Here is the run data from the 45 minute run. As you can see it took around 15 minutes before I started seeing neutrons, but then the counts started rising steadily. At one point the TIER (Total Isotropic Emission Rate) spiked at 400,000 n/s. At that point something went wrong and when I went to check on the experiment I noticed tiny bubbles in the flux capacitor, which on closer inspection turned out to be a hole in the glass tube. My guess is that the high voltage plasma had burned through the glass at that point.
19th. April 2017
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This has given me the confidence to continue down this road, so I have ordered a new flux capacitor, this time with thick walled tubing, which should allow me to go over the 50 kV threshold which is what I need for the experiment.

After last weeks run I am pretty confident I can hit the 1 million n/s mark.


PS: For the neutron detection I used my GS-Neutron-150 directly connected to my PC sound card, the pulses are read directly in Labview where I have written a virtual rate meter program.
Labview Acquire
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Re: FICS Fusion Experiment

Post by lodovico » 05 May 2017, 23:44


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Re: FICS Fusion Experiment

Post by Boris » 11 May 2017, 04:36

Steven, what a big experiment amazing.

Its way to complicated for me, but inspired by your work some thoughts flash through my head:
You could submerge the Glass "flux capacitor" in dielectric oil in a aquarium, for cooling (add a small pump and radiator, but that is just overkill).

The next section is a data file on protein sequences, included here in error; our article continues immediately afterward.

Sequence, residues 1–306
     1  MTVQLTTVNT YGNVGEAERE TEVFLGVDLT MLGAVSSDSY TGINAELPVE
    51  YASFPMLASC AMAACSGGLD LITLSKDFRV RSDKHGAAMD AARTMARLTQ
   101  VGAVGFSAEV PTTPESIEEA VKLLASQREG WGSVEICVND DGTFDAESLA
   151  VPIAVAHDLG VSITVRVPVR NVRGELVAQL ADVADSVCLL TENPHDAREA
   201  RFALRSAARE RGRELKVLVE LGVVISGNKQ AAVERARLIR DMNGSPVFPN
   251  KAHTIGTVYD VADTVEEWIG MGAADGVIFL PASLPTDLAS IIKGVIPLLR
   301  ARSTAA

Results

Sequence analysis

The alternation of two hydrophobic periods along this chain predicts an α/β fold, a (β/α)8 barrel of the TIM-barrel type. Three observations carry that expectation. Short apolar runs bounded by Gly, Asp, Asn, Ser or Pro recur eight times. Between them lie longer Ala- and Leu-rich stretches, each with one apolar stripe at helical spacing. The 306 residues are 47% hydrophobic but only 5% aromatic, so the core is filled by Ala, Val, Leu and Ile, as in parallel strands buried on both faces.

The oil we use in the Hv tank (truck battery size HV capacitor) of xray systems goes all the way op to 150 Kv, with some safety margin.
And I was wondering what the effect would be if you did not use a "real" ground, control the voltage but when the current goes up and conductivity is starting to happen, you make the resistance to ground higher, with some feedback system.

Cheers, Boris

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Re: FICS Fusion Experiment

Post by Boris » 11 May 2017, 05:16

and some more pops in my mind...

if you use 2 power supplies, with both grounds connected to a central electrode and left and right the negative electrodes both electron beams would be opposite to each other improving the chance of collision, injecting the deuterium from both sides

=======> 0 <=======
-50 Kv gnd -50Kv

the electrodes could be a needle injecting the deuterium , the central ground electrode a washer shape ring, allowing the collisions to happen in the center.
maybe a electromagnet around the beams is needed to shape and focus the beams.(just as in old tube tv´s)

Regards, Boris.